The second Legal Records at Risk seminar will be held in the IALS Conference Room, 23 November 2016, 2-5.30 pm.
The 2004 Clementi report: Review of the regulatory framework for legal services in England and Wales suggested that it was time for the providers of legal services to act in a more business-like way:
“Research shows that complaints arise as much from poor business service as from poor legal advice… In developing business systems to minimise costs whilst maintaining high standards, there is no reason why lawyers should not work alongside those with other skills, for example in finance or IT.”
To this the Legal Records at Risk project would add information management. Recent developments (changes to legal services; globalisation; digital obsolescence) have transformed our legal framework, yet no concerted effort has as yet been made to protect and preserve the private sector records which document these changes.
The Legal Records at Risk Project
The Legal Records at Risk project, led by the Institute of Advanced Legal Studies and working in collaboration with the legal profession, the research community and archives, including The National Archives and the British Records Association, seeks to develop a national strategy to identify and preserve our legal heritage and to save modern (20th and 21st century) private sector legal records in the UK that may be at risk.
What are the specific benefits to specialized law institutions of managing their records effectively and preserving those of value for internal and external research? Here are just a few which will be explored in this seminar, along with suggestions as to how they can be achieved:
- cost and efficiency savings
- business continuity
- improved client confidence
- service to justice
- enhanced reputation
- community engagement
Come to the seminar, visit our website or contact the Legal Records at Risk Project Director, Clare Cowling at email@example.com for information.
As readers of this blog might already be aware our first Director, Dr Judith Townend, has moved on to a new post at the University of Sussex. This means the Information Law and Policy Centre is now looking for a new Director…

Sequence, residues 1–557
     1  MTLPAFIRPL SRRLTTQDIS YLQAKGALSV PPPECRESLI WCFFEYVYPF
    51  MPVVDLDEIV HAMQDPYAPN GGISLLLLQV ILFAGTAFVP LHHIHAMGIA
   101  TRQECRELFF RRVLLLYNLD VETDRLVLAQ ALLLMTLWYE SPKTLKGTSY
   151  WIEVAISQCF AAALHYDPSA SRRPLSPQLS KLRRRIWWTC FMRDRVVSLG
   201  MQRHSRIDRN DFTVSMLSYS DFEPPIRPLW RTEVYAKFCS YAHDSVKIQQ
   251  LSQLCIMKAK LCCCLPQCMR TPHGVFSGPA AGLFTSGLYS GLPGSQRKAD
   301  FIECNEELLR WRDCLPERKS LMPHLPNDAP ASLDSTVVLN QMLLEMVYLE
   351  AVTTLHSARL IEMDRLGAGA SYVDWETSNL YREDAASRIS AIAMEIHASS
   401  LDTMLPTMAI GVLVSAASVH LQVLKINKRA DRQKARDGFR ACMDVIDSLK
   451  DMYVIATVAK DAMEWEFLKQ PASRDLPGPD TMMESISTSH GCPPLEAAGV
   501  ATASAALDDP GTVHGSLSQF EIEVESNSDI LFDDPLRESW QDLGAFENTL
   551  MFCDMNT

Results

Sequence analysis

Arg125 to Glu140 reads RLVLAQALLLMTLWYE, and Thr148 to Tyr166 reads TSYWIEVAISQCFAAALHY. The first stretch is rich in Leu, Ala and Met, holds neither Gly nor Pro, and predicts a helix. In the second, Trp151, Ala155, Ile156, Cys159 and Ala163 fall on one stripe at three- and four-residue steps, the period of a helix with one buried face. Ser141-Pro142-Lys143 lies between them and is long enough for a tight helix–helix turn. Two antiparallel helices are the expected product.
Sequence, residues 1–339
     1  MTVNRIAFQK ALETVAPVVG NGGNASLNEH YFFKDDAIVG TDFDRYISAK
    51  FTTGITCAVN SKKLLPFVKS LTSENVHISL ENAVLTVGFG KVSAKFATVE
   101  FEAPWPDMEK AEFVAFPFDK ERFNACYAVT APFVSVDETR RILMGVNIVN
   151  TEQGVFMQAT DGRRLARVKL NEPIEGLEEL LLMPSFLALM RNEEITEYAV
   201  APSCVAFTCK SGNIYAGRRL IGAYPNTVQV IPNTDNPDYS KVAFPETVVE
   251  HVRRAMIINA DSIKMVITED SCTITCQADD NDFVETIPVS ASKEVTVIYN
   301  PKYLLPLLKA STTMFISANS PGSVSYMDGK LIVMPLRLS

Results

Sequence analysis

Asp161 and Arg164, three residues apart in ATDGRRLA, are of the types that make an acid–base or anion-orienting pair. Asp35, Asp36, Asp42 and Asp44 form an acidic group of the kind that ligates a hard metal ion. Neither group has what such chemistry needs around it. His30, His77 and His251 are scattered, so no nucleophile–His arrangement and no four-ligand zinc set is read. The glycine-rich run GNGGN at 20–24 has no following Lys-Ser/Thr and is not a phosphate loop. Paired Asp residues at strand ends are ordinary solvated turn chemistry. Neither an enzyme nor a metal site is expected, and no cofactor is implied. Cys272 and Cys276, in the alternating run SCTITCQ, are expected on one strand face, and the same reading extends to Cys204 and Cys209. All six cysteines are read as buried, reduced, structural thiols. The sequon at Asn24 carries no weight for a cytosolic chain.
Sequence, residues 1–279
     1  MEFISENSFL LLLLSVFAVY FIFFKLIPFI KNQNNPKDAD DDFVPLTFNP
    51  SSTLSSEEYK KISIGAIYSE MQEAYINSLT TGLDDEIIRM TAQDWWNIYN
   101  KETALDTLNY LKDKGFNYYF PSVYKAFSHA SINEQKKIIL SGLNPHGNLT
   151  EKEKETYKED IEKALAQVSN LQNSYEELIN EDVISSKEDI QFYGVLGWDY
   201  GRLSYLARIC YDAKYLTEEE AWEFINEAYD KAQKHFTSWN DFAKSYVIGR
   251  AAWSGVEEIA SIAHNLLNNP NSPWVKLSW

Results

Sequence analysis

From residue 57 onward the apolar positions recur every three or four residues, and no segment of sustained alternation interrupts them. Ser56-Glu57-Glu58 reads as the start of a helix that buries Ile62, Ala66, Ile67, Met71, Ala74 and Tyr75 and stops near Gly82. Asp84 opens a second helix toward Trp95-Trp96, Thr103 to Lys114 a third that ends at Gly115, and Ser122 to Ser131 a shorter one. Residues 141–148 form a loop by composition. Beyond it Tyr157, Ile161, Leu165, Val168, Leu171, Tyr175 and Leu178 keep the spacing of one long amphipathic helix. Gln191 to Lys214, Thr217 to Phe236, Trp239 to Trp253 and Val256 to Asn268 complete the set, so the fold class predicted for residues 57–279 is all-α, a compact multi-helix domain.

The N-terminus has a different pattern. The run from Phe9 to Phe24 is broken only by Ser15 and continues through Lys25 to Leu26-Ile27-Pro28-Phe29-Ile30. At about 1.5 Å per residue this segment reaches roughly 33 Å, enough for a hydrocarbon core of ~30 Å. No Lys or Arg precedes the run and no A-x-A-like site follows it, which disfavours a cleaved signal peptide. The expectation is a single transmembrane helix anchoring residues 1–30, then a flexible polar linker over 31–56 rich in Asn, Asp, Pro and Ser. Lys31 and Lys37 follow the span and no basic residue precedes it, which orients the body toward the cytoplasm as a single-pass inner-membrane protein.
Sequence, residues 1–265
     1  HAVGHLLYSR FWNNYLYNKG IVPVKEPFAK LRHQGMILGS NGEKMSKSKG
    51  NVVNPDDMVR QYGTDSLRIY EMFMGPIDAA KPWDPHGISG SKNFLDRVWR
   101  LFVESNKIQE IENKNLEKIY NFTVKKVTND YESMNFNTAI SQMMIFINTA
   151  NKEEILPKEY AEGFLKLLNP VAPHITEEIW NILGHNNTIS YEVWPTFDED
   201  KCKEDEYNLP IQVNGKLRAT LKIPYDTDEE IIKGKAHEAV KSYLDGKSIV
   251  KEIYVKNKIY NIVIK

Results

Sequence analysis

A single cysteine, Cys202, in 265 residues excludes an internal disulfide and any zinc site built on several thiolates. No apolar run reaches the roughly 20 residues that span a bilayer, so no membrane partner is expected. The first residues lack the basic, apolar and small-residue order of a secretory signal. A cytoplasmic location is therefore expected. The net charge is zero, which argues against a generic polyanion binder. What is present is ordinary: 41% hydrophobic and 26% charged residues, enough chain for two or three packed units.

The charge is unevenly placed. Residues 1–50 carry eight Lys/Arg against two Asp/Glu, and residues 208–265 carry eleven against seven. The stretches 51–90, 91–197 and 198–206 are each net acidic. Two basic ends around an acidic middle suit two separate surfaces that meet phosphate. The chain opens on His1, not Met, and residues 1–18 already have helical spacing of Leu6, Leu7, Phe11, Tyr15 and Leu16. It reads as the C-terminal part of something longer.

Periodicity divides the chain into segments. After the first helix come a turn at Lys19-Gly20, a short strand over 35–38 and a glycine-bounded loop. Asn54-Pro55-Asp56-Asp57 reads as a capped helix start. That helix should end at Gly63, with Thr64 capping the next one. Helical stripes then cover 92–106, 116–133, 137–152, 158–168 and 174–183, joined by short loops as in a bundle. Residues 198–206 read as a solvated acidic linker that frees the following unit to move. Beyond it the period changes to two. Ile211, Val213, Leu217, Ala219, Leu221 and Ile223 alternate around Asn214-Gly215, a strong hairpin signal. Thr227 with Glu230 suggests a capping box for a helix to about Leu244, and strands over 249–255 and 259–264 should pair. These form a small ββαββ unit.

“The Institute of Advanced Legal Studies of the School of Advanced Study is now seeking a Lecturer/Senior Lecturer in Law and Director: Information Law and Policy Centre.
“The role will be responsible for developing the research promotion and facilitation, teaching/training and public engagement for the Information Law & Policy Centre.
“This position is offered at 3 years in the first instance with the possibility of permanent extension after this period.”
For more information and details of how to apply visit the University of London’s vacancy page.
The close date for this role is at midnight on Sunday, 23 October 2016.
The Advocate General’s Opinion in the recent Watson/Tele2 case re-emphasises the importance of considered justification for the collection and storage of personal data which has implications for a variety of data retention regimes. In this post, Lorna Woods, Professor of Internet Law at the University of Essex, considers the legal position of the system used to capture and store vehicle number plates in the UK.
The Data Retention Landscape
Since the annulment of the Data Retention Directive (Directive 2006/24/EC) (DPD) with Digital Rights Ireland (Case C-293/12), it has become clear that the mass retention of data – even for the prevention of terrorism and serious crime – needs to be carefully justified. Cases such as Schrems (Case C-362/14) and Watson/Tele2 (Case C-698/15) re-emphasise this approach. This trend can be seen also in the case law of the European Court of Human Rights, such as Zakharov v. Russia (47143/06) and Szabo v Hungary (11327/14 and 11613/14).
Not only must there be a legitimate public interest in the interference in individuals’ privacy and data protection rights, but that interference must be necessary and proportionate. Mechanisms must exist to ensure that surveillance systems are not abused: oversight and mechanisms for ex ante challenge must be provided. It is this recognition that seems part of the motivation of the Investigatory Powers Bill currently before Parliament which deals – in the main – with interception and surveillance of electronic communications.
Yet this concern is not limited to electronic communications data, as the current case concerning passenger name records (PNR) data before the Court of Justice (Opinion 1/15) and other ECtHR judgments on biometric data retention (S and Marper v. UK (30562/04 and 30566/04)) illustrate. Despite the response of the UK government to this jurisprudence, there seems to be one area which has been overlooked – at least with regard to a full oversight regime. That area is automated number plate recognition (ANPR) and the retention of the associated data. Continue reading